Honestly, I had high hopes for this one - an unexpected addition to a series that I had genuinely enjoyed. And I really didn't care for it. I finished it, but the characters themselves haven't grown much. The underlying message is offensive. Where the first two books had some genuinely funny and heartfelt moments, this one never so much as made me smile while reading. It's an easy and quick read, but certainly isn't the conclusion that I had hoped for. Plus, the suggestion here is that all the male members of the Tillman family have autism, which frankly sounds more like Fragile X Syndrome - something that you would think a geneticist like Tillman would at the very least mention...
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It’s eleven years after the second book and Don and Rosie have moved to Melbourne where Don takes a position at the University and Rosie has her dream job leading a research project. Hudson is 11 and doesn’t seem to be fitting very well in school. In fact, he has a lot of traits that his father had. While the book is funny, as we have come to expect, there are some serious issues talked about. Don and Rosie are as delightful as ever. But, I have to say, as much as I loved this one, I don’t think I would have read a fourth novel. 
Thanks to NetGalley for the arc in exchange for an honest review
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Rating: 4.5 Stars

I adored seeing Don find love in The Rosie Project, watching him grow into his role as a husband in The Rosie Effect, and now, I am grateful I had the opportunity to witness his journey as a father in the final book of the series, The Rosie Result.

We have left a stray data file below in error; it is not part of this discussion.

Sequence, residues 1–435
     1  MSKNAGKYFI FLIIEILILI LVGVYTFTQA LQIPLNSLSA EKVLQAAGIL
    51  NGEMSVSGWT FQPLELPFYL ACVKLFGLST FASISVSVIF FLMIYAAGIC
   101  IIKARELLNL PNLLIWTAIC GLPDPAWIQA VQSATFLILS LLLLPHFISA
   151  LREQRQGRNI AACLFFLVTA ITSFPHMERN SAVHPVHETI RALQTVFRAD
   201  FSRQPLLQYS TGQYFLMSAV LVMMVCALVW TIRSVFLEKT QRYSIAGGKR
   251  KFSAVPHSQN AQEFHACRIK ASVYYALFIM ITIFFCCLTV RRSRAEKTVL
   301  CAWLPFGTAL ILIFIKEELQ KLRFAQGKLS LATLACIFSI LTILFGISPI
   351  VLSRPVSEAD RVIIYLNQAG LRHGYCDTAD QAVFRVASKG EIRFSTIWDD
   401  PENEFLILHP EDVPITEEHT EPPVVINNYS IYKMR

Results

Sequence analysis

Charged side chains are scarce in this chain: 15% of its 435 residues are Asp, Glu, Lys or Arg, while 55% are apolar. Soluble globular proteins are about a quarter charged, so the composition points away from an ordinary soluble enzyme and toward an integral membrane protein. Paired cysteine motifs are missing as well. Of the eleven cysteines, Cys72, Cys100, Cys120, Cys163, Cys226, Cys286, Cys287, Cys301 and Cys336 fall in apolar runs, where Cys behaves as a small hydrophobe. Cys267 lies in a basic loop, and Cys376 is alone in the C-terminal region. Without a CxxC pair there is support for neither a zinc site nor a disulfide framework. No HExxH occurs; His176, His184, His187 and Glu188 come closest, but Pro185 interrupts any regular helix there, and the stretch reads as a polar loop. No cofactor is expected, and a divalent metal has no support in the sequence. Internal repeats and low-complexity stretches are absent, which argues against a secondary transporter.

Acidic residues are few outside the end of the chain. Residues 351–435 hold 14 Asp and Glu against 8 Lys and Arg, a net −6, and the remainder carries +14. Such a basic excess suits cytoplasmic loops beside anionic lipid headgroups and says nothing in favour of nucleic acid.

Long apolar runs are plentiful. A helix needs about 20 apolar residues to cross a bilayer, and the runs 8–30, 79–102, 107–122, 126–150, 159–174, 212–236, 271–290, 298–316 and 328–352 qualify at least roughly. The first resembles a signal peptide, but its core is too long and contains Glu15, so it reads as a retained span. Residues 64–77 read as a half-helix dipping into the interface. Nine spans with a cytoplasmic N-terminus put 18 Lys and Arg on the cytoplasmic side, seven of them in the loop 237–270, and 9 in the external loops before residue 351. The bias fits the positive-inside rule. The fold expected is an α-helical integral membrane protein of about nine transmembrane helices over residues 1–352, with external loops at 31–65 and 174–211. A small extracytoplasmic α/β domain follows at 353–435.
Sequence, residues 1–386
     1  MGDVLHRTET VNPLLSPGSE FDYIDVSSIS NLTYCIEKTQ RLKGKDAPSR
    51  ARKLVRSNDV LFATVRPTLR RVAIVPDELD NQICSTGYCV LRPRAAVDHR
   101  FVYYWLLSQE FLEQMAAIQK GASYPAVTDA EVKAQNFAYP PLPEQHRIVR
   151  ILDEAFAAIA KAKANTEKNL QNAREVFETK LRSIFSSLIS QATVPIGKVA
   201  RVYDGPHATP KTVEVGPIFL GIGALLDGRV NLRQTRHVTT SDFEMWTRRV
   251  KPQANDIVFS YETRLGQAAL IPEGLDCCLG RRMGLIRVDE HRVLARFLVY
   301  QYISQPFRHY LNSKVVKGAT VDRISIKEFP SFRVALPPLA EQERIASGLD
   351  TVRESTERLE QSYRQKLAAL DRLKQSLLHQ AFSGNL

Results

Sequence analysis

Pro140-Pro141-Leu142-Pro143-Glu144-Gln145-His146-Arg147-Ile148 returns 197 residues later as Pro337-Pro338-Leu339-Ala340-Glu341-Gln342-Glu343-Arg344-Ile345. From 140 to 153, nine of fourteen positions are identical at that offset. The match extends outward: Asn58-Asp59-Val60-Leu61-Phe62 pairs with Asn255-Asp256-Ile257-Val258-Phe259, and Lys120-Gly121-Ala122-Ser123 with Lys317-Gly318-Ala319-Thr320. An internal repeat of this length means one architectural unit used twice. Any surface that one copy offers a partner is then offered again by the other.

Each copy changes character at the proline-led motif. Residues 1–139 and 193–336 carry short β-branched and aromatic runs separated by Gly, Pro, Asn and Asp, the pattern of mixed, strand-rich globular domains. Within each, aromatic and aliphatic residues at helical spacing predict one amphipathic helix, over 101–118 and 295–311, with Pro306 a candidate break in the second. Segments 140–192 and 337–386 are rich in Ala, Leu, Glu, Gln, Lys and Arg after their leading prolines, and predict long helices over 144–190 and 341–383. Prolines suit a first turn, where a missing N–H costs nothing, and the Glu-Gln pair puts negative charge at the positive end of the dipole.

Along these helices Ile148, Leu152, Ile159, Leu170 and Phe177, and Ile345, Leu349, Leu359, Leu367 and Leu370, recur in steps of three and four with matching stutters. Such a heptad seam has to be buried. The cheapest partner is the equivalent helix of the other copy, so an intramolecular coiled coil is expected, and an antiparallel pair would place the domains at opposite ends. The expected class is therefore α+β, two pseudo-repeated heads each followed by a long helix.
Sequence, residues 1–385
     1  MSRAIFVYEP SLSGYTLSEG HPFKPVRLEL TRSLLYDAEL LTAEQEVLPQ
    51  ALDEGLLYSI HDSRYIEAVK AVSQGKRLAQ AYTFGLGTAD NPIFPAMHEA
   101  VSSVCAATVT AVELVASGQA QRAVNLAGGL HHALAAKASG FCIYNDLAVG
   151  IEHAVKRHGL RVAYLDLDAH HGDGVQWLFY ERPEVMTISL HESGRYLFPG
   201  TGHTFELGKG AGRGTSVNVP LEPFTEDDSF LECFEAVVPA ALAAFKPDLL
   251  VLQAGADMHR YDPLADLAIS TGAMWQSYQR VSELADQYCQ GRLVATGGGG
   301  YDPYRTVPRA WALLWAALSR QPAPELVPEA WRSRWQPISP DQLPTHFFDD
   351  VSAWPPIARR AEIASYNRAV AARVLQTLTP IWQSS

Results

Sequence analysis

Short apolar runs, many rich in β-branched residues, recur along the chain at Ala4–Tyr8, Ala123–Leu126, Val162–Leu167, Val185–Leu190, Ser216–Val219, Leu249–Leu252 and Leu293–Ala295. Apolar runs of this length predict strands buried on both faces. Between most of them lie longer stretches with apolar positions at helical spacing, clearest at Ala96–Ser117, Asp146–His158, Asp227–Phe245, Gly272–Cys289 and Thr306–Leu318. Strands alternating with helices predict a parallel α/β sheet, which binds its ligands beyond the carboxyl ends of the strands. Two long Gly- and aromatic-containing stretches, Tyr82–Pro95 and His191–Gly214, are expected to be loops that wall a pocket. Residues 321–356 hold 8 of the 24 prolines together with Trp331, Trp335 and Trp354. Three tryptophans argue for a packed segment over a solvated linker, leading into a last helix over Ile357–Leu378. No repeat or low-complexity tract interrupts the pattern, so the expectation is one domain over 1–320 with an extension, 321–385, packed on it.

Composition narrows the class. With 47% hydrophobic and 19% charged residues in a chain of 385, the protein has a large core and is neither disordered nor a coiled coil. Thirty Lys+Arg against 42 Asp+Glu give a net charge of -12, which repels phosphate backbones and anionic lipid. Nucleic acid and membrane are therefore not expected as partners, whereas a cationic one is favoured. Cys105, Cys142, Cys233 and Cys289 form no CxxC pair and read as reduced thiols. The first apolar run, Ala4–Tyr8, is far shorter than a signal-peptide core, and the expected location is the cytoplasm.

Simsion did so many wonderful things in this final book. First and foremost, he brought the Tillman family back to where it all began - Australia. This was where the conflict was born. Hudson, Don's son, was not a big fan of change, and now, after 11 years in the States, his life was being uprooted. Both Don and his son encountered some problems at their respective schools, which prompted Don to take a leave and become the primary caregiver for Hudson, and thus, the Hudson Project began. 

Don's main motivation for beginning this "project" was the school's insistence that his son was autistic. This made Don worry, that his son would suffer the same way he had, because he was "different". I totally felt his stress, his shame, and his concern for his son, and empathized with his worry as a parent. Simison did a fantastic job navigating Don's emotions as well as the impact all of this was having on him. He illustrated all of this via honest discussion with Don's wife, Rosie, as well as flashbacks to Don's own painful school years. 

Simsion also put autism front and center for the first time in this series. He challenged many of the stereotypes and false claims made about those on the spectrum, and presented many different ideas about ASD. All these ideas were organically woven into the story, and at no point did it feel preachy or like an info dump. 

There was also a nice round up of all the characters we had met along the way, and I loved that they all played a role in this important stage of Don's life, because they were vital supporters for him all along. Mostly, though, it was really wonderful to see Don make this journey and continue to grow. 

Overall: A wonderful ending to a series I adored, which was filled with friendship, love, forgiveness, understanding, emotion, and humor.
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After 'The Rosie Project,' a laugh out loud, heart felt and endearing first novel, the author has, once again, produced an educational, funny and charming third novel in the series, 'The Rosie Result."   This book jumps into the future where Rosie and her quirky but brilliant husband, Don, have an eleven year old son, Hudson.

Not unlike Don earlier in life, Hudson has trouble adjusting to change and structure. This book begins as Hudson is withdrawn from his school in New York and whisked back to Australia where both Don and Rosie have accepted academic positions.    Hudson flounders as he attempts to adjust to "everything new," and Don and Rosie try to help him navigate the upheaval.